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Crowding, Finances May Bring Sentencing Changes

Legislators have been nervous to tinker with the method North Carolina has used since 1995 to determine the sentences of convicted felons.

Changes proposed seven years ago to the General Assembly by a state agency had largely gathered dust. Bills based on the panel's work often died when opposition surfaced.

"If you mentioned anything, a finger was pointed at you as being soft on crime," said Rep. Phil Haire, D-Jackson, a longtime sentencing reform proponent.

However, it appears a majority of lawmakers may be willing as early as this week to make changes that would lower some potential sentences or keep more second-time offenders on probation.

Legislators are responding to recent warnings about inmate overcrowding, the sticker shock for building new prisons and the state's fiscal crisis.

Two bills stemming from a 2002 state sentencing commission report narrowly passed the Senate three weeks ago and were recommended by a House committee last week. They would become the most significant sentencing changes to date if they become law.

Their passage could reduce the need for more than 2,100 prison beds by 2020, saving money because the Department of Correction says it costs about $28,000 a year to house the average prisoner.

It also might build momentum for broader sentencing changes to divert more convicts to substance abuse treatment and more intensive probation.

"Sometimes these issues take many years to discuss and to really ferment," said Sen. Ellie Kinnaird, D-Orange, the chief sponsor of both bills. "What we are able to show is that public safety is not compromised, but we actually are making a savings to the state in the number of prison beds, which has grown alarmingly."

North Carolina judges hand out punishments through what's called structured sentencing. It was designed to ensure criminals served the entire sentence they receive and that offenders with similar criminal histories get uniform punishments.

Judges use a grid – something akin to a mileage chart in an atlas – that gives a range of minimum and maximum time that convicted offenders are required to serve. Sentences increase or decrease based on the offender's previous convictions and aggravating and mitigating factors.

For example, a judge must sentence a person convicted of armed robbery to 51 to 64 months in prison if the offender has an otherwise clean record. But that offender gets from 117 to 146 months if previously convicted of two similar felonies and there were aggravating circumstances.

When the sentencing grid was finalized in 1994, active prison sentences for the highest-grade felonies were lengthened beyond what was originally approved, said Susan Katzenelson, executive director of the North Carolina Sentencing and Policy Advisory Commission.

The panel suggested the longer felony sentences could be rolled back in a report asked for by the Legislature in 2001 after projections the state would need 7,600 additional beds by the end of the decade. The idea got little traction. Lawmakers decided to find additional beds by building new prisons.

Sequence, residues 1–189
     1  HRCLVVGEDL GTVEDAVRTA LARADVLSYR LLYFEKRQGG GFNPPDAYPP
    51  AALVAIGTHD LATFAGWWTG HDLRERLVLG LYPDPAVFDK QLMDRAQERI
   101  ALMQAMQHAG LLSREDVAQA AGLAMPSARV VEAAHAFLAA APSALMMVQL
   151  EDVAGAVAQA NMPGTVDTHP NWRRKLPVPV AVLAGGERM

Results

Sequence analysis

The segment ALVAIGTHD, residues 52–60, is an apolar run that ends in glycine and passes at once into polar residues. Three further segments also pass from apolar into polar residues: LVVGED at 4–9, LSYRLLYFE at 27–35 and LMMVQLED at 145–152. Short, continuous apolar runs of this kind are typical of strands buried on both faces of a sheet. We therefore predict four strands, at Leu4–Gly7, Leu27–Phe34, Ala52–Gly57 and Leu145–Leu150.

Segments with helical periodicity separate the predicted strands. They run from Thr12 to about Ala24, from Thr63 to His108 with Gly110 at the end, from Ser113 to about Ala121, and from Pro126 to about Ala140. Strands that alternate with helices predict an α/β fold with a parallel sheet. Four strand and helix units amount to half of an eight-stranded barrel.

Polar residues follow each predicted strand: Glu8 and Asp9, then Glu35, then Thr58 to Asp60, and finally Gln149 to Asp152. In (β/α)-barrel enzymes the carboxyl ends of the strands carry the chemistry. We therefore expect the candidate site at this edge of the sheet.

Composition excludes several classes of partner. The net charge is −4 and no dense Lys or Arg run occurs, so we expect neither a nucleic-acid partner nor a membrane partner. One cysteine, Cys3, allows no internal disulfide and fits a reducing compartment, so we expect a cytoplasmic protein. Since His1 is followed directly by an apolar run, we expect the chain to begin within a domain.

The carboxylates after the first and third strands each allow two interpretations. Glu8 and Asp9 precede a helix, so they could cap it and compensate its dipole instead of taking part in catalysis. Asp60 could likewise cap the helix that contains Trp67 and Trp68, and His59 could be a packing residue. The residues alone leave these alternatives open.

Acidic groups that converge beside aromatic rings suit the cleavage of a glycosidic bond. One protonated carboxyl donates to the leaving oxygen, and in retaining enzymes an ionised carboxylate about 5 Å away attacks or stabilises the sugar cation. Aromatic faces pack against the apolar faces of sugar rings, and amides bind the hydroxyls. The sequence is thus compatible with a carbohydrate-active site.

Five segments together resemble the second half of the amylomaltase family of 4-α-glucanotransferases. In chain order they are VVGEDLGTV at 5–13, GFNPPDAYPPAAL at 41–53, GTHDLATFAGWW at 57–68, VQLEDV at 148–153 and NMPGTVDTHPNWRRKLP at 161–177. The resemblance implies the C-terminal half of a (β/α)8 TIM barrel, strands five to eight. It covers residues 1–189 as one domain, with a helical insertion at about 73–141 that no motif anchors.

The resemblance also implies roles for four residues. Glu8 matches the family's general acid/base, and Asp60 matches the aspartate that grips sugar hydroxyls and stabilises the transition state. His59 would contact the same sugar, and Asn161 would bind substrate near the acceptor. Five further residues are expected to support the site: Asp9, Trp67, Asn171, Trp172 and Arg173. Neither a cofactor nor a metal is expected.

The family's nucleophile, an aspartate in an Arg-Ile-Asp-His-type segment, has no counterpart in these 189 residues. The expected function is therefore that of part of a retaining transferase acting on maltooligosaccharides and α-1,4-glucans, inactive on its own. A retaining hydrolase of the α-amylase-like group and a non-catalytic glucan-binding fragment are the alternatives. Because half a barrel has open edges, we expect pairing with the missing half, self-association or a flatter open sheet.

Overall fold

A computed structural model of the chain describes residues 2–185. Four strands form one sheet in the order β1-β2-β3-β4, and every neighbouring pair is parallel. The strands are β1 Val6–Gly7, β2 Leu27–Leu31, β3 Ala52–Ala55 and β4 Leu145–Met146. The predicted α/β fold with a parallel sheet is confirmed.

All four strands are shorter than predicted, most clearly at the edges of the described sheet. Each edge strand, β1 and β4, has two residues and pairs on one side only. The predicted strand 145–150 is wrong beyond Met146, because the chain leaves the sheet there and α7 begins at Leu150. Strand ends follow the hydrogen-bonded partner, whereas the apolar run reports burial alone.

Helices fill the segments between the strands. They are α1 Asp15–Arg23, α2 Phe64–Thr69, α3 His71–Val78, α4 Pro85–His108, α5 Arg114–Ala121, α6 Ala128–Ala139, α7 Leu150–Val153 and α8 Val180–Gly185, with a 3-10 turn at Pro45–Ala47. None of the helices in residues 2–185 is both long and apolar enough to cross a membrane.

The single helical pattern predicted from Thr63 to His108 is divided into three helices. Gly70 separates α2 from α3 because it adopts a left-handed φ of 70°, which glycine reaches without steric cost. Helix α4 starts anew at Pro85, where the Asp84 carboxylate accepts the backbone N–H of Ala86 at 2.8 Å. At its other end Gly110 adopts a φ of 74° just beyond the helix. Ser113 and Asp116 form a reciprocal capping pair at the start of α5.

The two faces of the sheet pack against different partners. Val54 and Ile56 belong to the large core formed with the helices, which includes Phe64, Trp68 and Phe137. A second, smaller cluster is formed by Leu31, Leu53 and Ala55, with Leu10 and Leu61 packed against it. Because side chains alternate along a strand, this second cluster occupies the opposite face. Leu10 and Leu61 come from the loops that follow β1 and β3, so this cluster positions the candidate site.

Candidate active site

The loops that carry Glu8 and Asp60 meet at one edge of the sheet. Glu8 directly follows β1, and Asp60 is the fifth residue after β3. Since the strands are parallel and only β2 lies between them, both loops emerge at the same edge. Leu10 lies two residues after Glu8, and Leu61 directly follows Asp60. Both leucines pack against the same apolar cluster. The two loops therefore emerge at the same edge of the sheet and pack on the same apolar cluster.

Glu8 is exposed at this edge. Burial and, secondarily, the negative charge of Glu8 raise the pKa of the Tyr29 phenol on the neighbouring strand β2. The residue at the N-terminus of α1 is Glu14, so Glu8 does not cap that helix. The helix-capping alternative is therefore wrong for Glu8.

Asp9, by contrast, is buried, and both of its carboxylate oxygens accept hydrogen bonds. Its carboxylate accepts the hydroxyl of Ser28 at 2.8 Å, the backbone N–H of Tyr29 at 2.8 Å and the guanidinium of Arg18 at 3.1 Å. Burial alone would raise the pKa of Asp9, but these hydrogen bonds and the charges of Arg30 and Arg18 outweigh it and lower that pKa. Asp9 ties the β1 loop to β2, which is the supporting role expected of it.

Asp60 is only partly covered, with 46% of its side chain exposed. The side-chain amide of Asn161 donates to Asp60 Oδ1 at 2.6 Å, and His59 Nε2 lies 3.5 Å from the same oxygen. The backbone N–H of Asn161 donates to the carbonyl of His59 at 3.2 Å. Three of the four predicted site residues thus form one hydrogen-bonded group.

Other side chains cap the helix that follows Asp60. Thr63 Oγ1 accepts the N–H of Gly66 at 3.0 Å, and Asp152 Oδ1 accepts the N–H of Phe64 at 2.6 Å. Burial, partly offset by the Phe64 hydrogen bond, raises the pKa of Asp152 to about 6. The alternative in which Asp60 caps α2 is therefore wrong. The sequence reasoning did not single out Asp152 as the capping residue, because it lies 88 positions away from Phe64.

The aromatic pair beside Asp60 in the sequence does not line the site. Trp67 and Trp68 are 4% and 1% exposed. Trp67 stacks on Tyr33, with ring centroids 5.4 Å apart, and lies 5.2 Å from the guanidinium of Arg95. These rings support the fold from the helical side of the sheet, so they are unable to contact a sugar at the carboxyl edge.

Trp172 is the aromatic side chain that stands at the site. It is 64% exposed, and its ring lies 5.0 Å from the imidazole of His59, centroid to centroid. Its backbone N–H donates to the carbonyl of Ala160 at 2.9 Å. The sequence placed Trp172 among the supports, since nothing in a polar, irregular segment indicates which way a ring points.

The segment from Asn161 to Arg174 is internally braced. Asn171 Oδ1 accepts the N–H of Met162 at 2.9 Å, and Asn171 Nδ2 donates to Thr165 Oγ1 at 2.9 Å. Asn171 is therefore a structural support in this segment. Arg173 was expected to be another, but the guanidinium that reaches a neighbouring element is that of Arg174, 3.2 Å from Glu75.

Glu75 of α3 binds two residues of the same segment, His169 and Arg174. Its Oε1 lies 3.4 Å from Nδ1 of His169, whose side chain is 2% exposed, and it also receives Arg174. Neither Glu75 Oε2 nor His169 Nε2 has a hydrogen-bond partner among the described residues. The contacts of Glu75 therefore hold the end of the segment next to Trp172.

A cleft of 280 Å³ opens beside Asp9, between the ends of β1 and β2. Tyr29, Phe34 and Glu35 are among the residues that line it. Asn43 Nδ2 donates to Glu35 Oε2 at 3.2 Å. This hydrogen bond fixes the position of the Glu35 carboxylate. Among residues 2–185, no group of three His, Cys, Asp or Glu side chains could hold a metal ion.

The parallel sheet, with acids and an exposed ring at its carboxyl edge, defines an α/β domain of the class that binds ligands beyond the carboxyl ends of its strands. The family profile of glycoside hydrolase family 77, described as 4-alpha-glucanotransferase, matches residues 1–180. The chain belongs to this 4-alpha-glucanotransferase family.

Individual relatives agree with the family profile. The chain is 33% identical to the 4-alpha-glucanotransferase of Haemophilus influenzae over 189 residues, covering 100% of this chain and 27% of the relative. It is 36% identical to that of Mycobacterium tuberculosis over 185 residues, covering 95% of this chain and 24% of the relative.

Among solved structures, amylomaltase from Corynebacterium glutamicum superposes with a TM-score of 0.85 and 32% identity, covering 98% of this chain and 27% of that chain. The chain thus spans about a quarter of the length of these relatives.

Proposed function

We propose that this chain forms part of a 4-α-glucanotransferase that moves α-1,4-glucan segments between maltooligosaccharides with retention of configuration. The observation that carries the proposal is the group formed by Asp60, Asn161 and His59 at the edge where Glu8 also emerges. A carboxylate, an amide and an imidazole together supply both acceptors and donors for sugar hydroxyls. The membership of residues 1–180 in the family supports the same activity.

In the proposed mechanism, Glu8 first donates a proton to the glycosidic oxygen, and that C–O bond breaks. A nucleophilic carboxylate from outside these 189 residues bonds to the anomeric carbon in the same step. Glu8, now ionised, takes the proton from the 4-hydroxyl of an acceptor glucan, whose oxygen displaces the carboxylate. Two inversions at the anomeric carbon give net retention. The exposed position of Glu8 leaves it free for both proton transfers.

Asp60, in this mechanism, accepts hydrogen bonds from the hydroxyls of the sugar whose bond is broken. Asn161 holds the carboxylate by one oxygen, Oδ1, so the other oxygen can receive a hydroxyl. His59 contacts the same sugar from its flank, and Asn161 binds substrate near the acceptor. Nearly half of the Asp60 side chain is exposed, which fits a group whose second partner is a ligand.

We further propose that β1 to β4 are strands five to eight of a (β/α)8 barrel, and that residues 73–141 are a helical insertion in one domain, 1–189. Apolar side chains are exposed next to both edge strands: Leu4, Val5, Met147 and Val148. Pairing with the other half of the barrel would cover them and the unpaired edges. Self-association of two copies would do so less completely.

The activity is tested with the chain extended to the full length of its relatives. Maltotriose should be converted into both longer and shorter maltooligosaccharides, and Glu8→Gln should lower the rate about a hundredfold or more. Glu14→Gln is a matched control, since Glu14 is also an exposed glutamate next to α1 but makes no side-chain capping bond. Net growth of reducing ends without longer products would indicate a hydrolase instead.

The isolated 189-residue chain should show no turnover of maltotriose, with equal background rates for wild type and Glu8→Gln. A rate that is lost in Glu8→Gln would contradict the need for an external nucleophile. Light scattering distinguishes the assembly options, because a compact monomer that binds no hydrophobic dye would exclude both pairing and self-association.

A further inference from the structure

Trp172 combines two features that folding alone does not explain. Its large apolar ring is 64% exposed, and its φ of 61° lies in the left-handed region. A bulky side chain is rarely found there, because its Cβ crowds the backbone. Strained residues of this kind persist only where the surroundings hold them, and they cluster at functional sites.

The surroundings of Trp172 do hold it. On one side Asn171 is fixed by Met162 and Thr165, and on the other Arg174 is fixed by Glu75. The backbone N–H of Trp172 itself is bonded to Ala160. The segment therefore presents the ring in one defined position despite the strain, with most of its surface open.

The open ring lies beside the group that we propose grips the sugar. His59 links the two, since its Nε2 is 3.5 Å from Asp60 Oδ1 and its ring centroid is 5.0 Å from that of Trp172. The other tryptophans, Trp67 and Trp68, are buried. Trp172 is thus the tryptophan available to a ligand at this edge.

The bill picked up steam this year as tax collections dwindled and the state prison population reached 41,000, or 1,000 over capacity. That amount could rise to almost 7,500 by 2018, according to the commission.

The grid change proposal would make some sentences shorter. In the biggest change, someone with a long rap sheet convicted of first-degree kidnapping could receive a maximum sentence of 182 months, compared to the current 210 months. But many sentence ranges for lower-grade felonies would remain the same or go up by a month. A commission analysis found the average felony sentence would reduce overall by about two months.

The bills that passed the Senate are supported by two traditional law-and-order organizations: the North Carolina Sheriffs Association and the N.C. Conference of District Attorneys.

Sometimes "you have to do things that don't sound the best, but really it will free up beds and won't have a real appreciable impact on public safety," conference executive director Peg Dorer said.

A former sheriff, state Rep. Joe Kiser of Lincoln County, used to be the chief opponent of the changes, but he retired from the House last year. Bail bondsman and first-term Rep. Justin Burr, R-Stanly, could become Kiser's successor on the issue.

"I am concerned about reducing the sentences," said Burr, who voted against the two bills in the House Judiciary Committee last week. Because suspects often plead guilty to lesser counts compared with what they were charged, they "aren't getting the time for the crimes that they were accused to have done," he said.

Burke County Rep. Hugh Blackwell, another first-term Republican on the panel, was willing to vote for the bills but first wanted assurances the state would examine closely ways to reduce recidivism. Kinnaird said a committee would look at that issue this fall.

"I hope we won't lose the commitment to follow up on that type of approach," Blackwell said. "My strong sense is that this bill is driven more by saving money than it is mathematical proportionality in the grid."

Copyright 2009 by The Associated Press. All rights reserved. This material may not be published, broadcast, rewritten or redistributed.


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